23. It is interesting to compare the tonal resources of the two organs of this thread. As regards tierce registrations, Manchester offers three options (Gt Cornet; Pos Cornet decomposé; Choir Sesquialtera) which - I believe - can be used on three separate manuals by means of a Choir on Solo transfer (not listed on the builder's website, but which I have seen on a photograph of the screen console). However, whilst such comparisons are practically relevant to some aspects of the performance of repertoire, a crucial consideration is that these two instruments have been built and are being rebuilt from fundamentally different starting points. Whereas Manchester is an entirely new instrument, reusing only a small selection of pipework from the previous instrument, broadly speaking, Canterbury seems to be the recreation of the spirit of the 1948 Willis rebuild. Has the Cornet Voluntary offended? And are large swathes of the continental repertoire inaccessible? And will it sound incomplete? I suggest not. The performance of music always takes place within limitations; indeed, is this not the point of creativity which makes live performances so vital? Yes, whilst it will not be possible to register every piece of organ music, even large swathes of organ music, with stop names and combinations that appear and perhaps sound similar, there will nonetheless be many convincing and individual performances of music with the ample resources available. The question of accessibility of repertoire is not just confined to stop lists. It is influenced by the voicing and scale of choruses, by the physical layout of the instrument, and its placement in the building. Even if this instrument were to have three separate tierce registrations, the difference between the layout of a werkprinzip instrument and the one proposed at Canterbury would already create a distinction, rendering, in the opinion of some I'm sure, an authentic performance already impossible. For instance, from experience, listening to some dialogical baroque fantasia in the nave of a cathedral such as Canterbury, some aspects of the music, notably the directness of sound and the spatial effect which were almost undoubtedly imagined and intended by the composer are completely lost owing to these factors. The situation is quite different in Manchester. But OK, as a tierce rank is materially and financially relative insignificant in a scheme such as Canterbury, perhaps it would have been nice to squeeze one in somewhere. But then where does one stop? For me, the convincing performance of music begins and is most dependent on the technical facility and creative rhetoric of the performer. Yes, it's great to hear music performed on instruments that are as close as possible to those for which it was intended. But a critical aspect of the living tradition is the way in which music has subsequently been reinterpreted and performed in new contexts in a manner which is both respectful of, but not unnecessarily limited by the sources of that music. As has already been noted, the prime function of this instrument is the accompaniment of the choral and congregational opus Dei, and all indications are that, post-rebuild, it will do better justice to this task with the expanded/restored tonal resources. The tonal palette offered is wide within the tradition of this instrument, and I look forward to hearing how organists will creatively perform Cornet Voluntaries and the aforementioned Messaien in time to come.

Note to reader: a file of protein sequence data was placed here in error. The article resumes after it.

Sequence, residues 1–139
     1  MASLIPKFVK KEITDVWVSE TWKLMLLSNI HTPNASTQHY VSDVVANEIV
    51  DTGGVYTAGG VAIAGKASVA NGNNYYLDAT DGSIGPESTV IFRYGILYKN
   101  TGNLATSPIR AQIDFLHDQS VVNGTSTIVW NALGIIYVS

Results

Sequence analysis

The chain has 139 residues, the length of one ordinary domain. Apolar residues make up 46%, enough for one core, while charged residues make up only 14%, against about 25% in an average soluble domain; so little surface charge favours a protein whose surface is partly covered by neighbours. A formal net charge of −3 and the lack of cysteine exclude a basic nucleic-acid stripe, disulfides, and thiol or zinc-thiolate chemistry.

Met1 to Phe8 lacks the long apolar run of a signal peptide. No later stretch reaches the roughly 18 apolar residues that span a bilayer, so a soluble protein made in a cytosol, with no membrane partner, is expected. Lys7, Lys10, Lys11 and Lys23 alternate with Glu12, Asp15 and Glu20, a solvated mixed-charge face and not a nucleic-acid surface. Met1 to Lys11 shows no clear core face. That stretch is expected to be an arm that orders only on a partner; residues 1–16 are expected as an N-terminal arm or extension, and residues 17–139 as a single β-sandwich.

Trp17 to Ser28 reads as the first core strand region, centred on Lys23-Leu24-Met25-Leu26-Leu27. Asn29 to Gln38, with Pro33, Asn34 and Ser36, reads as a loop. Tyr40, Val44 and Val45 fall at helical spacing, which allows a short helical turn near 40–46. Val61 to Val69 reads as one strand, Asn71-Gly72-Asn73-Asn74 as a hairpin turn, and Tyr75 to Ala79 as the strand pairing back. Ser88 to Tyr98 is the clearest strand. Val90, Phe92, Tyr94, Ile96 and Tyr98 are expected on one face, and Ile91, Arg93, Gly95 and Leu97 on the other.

24. Specification on the H&H website (under gallery)
  25. Yes, it's odd that the preview is showing that when the last post was last Tuesday! Quirks of the system...
  • Create New...